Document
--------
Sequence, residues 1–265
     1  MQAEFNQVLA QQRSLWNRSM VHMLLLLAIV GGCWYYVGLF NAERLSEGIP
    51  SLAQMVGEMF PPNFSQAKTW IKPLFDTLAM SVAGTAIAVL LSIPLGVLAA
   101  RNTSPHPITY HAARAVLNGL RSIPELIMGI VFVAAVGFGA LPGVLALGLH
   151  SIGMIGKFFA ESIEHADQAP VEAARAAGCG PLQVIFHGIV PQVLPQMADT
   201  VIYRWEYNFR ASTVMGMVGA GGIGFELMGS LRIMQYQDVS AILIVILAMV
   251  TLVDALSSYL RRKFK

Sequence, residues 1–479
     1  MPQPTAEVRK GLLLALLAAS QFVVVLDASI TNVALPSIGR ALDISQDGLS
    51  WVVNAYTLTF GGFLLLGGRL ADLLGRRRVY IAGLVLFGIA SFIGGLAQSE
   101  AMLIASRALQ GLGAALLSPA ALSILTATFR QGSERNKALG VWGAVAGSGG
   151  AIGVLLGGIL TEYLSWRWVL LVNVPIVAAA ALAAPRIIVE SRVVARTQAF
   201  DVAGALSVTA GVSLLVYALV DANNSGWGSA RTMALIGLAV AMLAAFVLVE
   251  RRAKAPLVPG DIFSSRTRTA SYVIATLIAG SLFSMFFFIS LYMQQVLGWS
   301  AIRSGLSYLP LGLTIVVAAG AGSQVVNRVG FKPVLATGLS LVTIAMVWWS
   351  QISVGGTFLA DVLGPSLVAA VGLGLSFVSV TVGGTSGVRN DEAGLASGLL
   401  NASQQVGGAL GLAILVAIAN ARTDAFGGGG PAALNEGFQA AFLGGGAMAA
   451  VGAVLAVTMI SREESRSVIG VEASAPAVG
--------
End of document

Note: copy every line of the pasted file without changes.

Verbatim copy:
Sequence, residues 1–265
     1  MQAEFNQVLA QQRSLWNRSM VHMLLLLAIV GGCWYYVGLF NAERLSEGIP
    51  SLAQMVGEMF PPNFSQAKTW IKPLFDTLAM SVAGTAIAVL LSIPLGVLAA
   101  RNTSPHPITY HAARAVLNGL RSIPELIMGI VFVAAVGFGA LPGVLALGLH
   151  SIGMIGKFFA ESIEHADQAP VEAARAAGCG PLQVIFHGIV PQVLPQMADT
   201  VIYRWEYNFR ASTVMGMVGA GGIGFELMGS LRIMQYQDVS AILIVILAMV
   251  TLVDALSSYL RRKFK

Sequence, residues 1–479
     1  MPQPTAEVRK GLLLALLAAS QFVVVLDASI TNVALPSIGR ALDISQDGLS
    51  WVVNAYTLTF GGFLLLGGRL ADLLGRRRVY IAGLVLFGIA SFIGGLAQSE
   101  AMLIASRALQ GLGAALLSPA ALSILTATFR QGSERNKALG VWGAVAGSGG
   151  AIGVLLGGIL TEYLSWRWVL LVNVPIVAAA ALAAPRIIVE SRVVARTQAF
   201  DVAGALSVTA GVSLLVYALV DANNSGWGSA RTMALIGLAV AMLAAFVLVE
   251  RRAKAPLVPG DIFSSRTRTA SYVIATLIAG SLFSMFFFIS LYMQQVLGWS
   301  AIRSGLSYLP LGLTIVVAAG AGSQVVNRVG FKPVLATGLS LVTIAMVWWS
   351  QISVGGTFLA DVLGPSLVAA VGLGLSFVSV TVGGTSGVRN DEAGLASGLL
   401  NASQQVGGAL GLAILVAIAN ARTDAFGGGG PAALNEGFQA AFLGGGAMAA
   451  VGAVLAVTMI SREESRSVIG VEASAPAVG